This book is a cross-linguistic investigation of resumptive pronouns and related phenomena. Pronominal resumption is the realization of the base of a syntactic dependency as a bound pronoun. Resumption occurs in unbounded dependencies, such as relative clauses and questions, and in the variety of
raising known as copy raising. Processing factors may also give rise to resumption, even in environments where it does not normally occur in a given language.
Ash Asudeh proposes a new theory of resumption based on the use of a resource logic for semantic composition and the typologically
robust observation that resumptive pronouns are ordinary pronouns in their morphological and lexical properties. The framework for semantic composition is Glue Semantics and the syntactic framework is Lexical-Functional Grammar. The author introduces these frameworks and the concept of resource
logics accessibly and compares results and explanations with those offered by a number of contrasting theoretical frameworks.
The theory achieves a novel unification of hitherto heterogeneous resumption phenomena. It unifies two kinds of resumptive pronouns that are found in unbounded
dependencies - one kind behaves syntactically like a gap, whereas the other kind does not. It also unifies resumptive pronouns in unbounded dependencies with the obligatory pronouns in copy raising. The theory also provides the basis for a new understanding of processing-based resumption, both in
production and in parsing and interpretation.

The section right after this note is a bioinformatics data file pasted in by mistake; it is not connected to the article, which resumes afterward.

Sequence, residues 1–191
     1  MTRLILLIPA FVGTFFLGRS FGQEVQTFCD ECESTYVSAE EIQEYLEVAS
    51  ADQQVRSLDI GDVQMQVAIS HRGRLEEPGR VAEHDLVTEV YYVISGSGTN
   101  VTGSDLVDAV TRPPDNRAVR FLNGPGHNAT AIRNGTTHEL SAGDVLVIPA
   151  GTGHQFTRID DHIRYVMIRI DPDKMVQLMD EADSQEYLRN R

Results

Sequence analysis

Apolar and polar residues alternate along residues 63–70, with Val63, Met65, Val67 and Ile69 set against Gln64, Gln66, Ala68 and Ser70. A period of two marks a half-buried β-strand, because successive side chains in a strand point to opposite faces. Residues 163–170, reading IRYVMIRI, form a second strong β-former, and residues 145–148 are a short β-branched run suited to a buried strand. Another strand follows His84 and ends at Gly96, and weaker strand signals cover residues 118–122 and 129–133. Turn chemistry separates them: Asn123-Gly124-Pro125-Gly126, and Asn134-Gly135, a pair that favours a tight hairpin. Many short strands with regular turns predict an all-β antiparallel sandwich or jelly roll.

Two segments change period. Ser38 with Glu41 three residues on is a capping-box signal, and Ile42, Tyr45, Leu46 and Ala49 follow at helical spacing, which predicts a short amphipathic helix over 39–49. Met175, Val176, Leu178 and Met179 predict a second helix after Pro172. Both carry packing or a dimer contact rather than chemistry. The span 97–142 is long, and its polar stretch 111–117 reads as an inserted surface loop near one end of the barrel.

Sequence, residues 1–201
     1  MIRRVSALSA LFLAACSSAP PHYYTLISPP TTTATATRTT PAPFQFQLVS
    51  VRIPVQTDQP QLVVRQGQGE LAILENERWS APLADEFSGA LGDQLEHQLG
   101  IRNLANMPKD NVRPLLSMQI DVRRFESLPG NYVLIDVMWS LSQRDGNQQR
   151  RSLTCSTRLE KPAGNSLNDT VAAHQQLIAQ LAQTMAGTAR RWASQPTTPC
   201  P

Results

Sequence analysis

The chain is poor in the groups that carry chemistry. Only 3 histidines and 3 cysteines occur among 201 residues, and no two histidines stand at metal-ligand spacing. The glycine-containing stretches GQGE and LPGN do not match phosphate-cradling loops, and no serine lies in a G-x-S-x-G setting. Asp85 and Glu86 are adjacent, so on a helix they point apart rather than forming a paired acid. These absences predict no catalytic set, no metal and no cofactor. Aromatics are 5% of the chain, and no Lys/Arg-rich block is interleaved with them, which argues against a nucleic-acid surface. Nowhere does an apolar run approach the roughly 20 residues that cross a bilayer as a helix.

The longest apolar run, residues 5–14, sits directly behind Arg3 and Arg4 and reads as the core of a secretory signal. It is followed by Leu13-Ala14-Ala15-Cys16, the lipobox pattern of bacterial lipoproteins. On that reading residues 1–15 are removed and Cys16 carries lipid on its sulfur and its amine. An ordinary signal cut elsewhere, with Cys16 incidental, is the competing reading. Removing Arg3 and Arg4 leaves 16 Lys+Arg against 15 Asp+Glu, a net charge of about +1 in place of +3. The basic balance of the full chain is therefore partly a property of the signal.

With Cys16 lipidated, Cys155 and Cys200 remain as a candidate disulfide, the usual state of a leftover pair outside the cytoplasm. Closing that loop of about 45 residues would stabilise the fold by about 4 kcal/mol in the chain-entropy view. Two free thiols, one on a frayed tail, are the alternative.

This book makes a substantial contribution to the understanding of the syntax-semantics interface, the nature of unbounded dependencies, and linguistic variation. It is clearly written and includes examples from a wide range of languages,
such as English, Hebrew, Irish, Swedish, and Vata. It will interest researchers in syntax and semantics and its results are also relevant to computational linguistics, psycholinguistics, and the logical analysis of language.
Part I Background
3. Lexical-Functional Grammar
4. Glue Semantics
Part II Theory
5. The Resource Sensitivity Hypothesis
6. The Resoucre Management Theory of Resumption
Part III Syntactically Active
Part IV Syntactically Inactive Resumptives
Part V Other Kinds of Resumption
11. Resumption and Processing
12. Copy Raising
Part VI Appendices
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Ash Asudeh is University Lecturer in Linguistics at the University of Oxford, Hugh Price Fellow at Jesus College, and Associate Professor of Cognitive Science and Linguistics at Carleton University.
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